“I hadn’t heard about any petition. I was an R.A., Residence Life told me nothing about this, that there would be people in West Campus getting signatures for a petition.” Reports Johnson. “As SGA president, no one from the administration has contacted me about the annexation, I’ve heard nothing.”
Johnson also echoed concerns that the 10 signatures are not a legitimate sample of the normal West Campus population.
“That’s not a good sample of the campus. I wonder who these people are.” Says Johnson.
Shepherd University legal counsel Alan Perdue says that the annexation petition is fully compliant with the letter of West Virginia’s annexation law, which makes no procedural distinction between the annexation of year-round residences with static population numbers and dormitories with dramatic seasonal population changes.
“If you ask a person, simply, procedurally, if we did the right thing, then I think you’ll find we did.” Says Purdue. “It’s fully compliant for proceeding with an annexation.”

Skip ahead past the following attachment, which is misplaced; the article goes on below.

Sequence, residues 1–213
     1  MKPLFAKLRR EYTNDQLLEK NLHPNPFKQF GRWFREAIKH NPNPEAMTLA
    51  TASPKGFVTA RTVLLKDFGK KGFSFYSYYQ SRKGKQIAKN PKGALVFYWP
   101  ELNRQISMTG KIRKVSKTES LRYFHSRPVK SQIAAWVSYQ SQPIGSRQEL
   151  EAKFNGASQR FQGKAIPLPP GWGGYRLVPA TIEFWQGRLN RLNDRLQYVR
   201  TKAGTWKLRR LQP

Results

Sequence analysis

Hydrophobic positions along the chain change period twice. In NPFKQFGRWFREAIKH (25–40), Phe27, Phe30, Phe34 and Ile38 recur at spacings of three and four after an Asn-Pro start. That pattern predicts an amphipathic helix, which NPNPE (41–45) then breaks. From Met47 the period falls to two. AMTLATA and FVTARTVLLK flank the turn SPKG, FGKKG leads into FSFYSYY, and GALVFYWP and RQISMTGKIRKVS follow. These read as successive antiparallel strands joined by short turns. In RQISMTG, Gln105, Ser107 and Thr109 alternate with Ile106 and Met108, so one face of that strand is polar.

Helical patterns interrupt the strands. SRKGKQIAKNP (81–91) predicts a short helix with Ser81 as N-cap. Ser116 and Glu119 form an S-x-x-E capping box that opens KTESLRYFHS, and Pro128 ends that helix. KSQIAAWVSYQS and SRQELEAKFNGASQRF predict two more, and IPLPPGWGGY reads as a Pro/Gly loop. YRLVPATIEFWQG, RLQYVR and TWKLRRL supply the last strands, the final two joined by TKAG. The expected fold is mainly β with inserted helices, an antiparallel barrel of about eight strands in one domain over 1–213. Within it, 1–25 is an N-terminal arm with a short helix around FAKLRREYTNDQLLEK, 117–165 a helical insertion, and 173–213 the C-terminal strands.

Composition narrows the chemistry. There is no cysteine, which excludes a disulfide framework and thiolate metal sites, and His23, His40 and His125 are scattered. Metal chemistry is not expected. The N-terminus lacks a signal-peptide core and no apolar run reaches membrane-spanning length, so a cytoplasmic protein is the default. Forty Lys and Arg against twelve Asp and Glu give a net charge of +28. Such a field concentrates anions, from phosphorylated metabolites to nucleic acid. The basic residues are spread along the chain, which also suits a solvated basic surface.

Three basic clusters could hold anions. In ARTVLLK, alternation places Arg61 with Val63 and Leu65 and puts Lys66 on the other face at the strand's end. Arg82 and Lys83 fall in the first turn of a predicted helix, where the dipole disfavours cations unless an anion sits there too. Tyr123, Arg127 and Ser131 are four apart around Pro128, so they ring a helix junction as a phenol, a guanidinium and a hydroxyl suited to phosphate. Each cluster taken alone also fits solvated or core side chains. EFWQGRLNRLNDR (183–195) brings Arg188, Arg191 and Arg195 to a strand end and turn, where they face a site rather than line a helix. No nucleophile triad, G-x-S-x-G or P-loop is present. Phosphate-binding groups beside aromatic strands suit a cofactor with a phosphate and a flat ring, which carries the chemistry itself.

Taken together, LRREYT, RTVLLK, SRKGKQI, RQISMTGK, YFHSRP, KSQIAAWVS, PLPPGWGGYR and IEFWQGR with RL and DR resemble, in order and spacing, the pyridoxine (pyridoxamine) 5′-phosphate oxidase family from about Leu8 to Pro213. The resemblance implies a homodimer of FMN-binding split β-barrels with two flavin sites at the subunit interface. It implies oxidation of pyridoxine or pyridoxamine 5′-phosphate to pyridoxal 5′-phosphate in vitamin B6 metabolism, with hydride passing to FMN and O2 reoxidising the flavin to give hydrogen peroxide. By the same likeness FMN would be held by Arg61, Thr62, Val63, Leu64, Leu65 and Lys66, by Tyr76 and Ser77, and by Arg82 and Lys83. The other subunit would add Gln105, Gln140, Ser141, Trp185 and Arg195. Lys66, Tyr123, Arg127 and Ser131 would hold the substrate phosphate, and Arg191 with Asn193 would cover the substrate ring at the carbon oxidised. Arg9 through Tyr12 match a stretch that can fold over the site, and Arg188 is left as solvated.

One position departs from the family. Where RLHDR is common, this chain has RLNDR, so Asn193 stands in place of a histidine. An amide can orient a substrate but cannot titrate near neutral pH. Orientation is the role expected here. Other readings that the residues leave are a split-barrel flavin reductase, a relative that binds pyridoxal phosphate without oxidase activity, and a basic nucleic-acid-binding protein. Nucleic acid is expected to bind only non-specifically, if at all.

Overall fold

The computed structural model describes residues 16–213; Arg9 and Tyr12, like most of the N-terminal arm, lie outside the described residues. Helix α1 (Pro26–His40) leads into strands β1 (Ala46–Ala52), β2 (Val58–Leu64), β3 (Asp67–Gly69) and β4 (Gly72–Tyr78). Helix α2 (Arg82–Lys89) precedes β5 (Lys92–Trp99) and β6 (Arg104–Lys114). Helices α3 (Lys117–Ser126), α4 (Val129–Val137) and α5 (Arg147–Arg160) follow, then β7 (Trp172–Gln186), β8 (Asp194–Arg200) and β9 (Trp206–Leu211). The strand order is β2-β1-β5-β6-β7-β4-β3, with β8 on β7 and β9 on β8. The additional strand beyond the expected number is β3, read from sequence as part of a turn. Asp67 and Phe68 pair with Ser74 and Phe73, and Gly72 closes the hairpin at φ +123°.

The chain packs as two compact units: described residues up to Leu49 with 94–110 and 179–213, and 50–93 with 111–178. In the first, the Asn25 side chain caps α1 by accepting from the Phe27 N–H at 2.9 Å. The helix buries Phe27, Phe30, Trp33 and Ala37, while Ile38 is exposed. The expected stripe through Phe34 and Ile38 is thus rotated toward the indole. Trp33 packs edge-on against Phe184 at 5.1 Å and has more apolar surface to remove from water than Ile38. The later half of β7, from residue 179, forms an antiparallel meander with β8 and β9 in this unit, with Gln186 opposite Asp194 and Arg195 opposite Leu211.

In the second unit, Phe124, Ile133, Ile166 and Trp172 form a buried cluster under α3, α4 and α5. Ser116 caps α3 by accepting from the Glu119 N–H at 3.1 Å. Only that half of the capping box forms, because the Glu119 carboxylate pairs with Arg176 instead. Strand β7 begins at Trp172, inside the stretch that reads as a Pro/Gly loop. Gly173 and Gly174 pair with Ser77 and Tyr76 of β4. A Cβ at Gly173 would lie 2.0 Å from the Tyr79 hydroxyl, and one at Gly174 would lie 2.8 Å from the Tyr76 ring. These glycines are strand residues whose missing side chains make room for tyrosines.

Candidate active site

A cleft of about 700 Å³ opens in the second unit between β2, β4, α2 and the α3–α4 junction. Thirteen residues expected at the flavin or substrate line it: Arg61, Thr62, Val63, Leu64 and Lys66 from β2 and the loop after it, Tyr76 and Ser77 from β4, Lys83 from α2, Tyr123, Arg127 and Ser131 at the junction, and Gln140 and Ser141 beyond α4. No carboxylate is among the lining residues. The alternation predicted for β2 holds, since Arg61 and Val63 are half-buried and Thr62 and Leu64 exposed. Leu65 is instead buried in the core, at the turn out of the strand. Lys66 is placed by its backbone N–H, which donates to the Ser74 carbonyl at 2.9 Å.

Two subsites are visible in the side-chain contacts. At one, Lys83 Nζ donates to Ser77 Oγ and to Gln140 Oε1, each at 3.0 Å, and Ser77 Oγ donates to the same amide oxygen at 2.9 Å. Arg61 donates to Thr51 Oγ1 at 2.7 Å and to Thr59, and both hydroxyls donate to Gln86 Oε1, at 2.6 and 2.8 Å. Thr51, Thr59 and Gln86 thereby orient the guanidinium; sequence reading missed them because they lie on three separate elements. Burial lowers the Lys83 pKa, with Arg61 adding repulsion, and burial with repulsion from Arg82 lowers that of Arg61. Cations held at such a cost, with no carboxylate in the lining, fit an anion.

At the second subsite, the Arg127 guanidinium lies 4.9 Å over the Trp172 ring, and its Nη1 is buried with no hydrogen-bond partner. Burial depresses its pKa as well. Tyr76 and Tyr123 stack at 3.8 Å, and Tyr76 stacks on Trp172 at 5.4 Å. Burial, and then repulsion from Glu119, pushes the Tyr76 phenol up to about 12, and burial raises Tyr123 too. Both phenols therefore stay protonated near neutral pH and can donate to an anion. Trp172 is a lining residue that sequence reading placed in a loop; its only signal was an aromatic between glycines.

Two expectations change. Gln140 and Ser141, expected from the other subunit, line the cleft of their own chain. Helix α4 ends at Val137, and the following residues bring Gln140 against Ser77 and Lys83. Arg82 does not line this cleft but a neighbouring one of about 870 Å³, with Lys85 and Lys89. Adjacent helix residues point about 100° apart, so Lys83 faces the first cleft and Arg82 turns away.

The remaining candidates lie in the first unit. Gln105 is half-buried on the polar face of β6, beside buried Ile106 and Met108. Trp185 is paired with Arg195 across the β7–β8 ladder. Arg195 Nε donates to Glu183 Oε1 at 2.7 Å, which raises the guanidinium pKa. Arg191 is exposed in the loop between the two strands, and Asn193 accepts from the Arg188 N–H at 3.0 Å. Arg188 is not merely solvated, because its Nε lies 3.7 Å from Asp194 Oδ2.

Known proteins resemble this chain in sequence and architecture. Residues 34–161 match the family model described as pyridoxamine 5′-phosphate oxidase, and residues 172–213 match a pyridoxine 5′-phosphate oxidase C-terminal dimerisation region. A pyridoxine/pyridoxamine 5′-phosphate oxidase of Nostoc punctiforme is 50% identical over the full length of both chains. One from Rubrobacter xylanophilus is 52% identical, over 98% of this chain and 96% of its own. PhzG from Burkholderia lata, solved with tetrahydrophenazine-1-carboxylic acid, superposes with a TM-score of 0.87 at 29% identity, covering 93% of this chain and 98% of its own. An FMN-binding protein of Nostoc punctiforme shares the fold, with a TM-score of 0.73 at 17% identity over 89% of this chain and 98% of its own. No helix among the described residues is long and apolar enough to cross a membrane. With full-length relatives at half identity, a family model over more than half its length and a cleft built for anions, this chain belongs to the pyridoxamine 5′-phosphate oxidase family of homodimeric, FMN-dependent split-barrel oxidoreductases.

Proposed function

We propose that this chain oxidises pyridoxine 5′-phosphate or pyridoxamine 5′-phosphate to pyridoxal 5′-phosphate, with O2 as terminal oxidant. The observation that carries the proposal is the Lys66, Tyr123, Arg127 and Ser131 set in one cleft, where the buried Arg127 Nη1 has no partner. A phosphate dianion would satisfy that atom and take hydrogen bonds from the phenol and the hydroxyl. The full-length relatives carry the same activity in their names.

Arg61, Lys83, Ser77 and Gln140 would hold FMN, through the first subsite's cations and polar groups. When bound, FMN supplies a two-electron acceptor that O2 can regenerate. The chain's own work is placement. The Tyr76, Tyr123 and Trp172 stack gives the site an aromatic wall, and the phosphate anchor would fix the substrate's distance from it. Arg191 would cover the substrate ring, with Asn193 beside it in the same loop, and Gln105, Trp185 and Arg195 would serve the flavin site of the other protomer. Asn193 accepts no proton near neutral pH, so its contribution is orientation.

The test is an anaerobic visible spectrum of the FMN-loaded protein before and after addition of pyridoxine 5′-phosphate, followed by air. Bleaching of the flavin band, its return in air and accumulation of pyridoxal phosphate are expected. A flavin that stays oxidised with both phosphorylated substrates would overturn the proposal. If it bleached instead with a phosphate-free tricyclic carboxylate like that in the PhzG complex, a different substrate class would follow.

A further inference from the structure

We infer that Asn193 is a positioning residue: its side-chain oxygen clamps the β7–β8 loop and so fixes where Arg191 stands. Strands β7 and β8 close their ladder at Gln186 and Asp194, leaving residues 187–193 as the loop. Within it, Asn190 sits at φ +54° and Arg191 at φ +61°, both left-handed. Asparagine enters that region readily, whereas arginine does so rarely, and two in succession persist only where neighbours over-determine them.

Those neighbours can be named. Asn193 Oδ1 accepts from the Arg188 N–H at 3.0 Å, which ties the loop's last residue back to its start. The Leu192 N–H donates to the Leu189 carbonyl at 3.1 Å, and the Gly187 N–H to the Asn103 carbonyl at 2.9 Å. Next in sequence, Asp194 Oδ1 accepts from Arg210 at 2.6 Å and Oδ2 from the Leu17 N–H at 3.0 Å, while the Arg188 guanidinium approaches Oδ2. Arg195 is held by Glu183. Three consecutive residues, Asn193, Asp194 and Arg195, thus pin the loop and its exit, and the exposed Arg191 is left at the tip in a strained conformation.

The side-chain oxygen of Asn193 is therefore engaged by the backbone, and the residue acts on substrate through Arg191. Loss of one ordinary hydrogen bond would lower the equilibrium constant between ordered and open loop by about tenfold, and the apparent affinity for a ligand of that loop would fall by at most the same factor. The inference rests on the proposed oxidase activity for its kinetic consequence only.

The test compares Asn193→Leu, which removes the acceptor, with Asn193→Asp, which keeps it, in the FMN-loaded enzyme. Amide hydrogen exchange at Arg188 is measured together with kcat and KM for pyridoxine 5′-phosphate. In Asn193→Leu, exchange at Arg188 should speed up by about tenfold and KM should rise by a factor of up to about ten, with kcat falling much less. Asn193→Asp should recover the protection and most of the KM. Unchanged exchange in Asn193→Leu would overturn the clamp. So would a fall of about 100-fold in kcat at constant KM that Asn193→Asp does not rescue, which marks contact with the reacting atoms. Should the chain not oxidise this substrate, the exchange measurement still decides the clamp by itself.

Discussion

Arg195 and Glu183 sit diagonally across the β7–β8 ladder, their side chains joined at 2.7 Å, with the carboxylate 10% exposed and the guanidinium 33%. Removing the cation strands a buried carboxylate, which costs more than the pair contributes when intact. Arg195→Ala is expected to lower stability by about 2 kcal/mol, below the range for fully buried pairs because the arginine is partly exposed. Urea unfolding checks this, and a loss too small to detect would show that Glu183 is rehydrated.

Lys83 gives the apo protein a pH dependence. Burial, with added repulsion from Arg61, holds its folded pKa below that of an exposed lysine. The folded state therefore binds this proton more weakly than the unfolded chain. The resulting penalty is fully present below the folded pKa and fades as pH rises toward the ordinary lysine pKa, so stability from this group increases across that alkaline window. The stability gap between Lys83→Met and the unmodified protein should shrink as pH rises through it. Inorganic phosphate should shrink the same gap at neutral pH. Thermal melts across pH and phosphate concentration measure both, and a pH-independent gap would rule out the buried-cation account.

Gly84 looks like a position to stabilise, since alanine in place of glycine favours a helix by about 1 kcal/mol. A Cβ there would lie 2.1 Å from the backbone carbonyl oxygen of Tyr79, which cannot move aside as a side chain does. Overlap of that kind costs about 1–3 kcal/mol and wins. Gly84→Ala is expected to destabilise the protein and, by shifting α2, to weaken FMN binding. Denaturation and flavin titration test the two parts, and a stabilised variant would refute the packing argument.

State law provides municipalities with three methods to annex territory: by election, by petition, or by minor boundary adjustment. Shepherd University is attempting an annexation by petition. Purdue admits that, until July, 2009, Shepherd officials were unaware of any requirement to canvas or poll the residents of the West Campus dorms. Annexation by election was never seriously considered by Shepherd, Purdue says.
“It’s most likely the overwhelming position of the group affected is indifference.” Says Purdue. “There was a serious concern that as the potential voter count grew, student indifference would be a major challenge to getting this annexation through.”
To combat perceived student indifference and difficulties associated with polling large numbers of people, Shepherd deliberately chose to initiate the petition before more students could become eligible to participate in the poll. Purdue says the primary concern of the University is to finish the annexation before the start of the 2010 census process in April.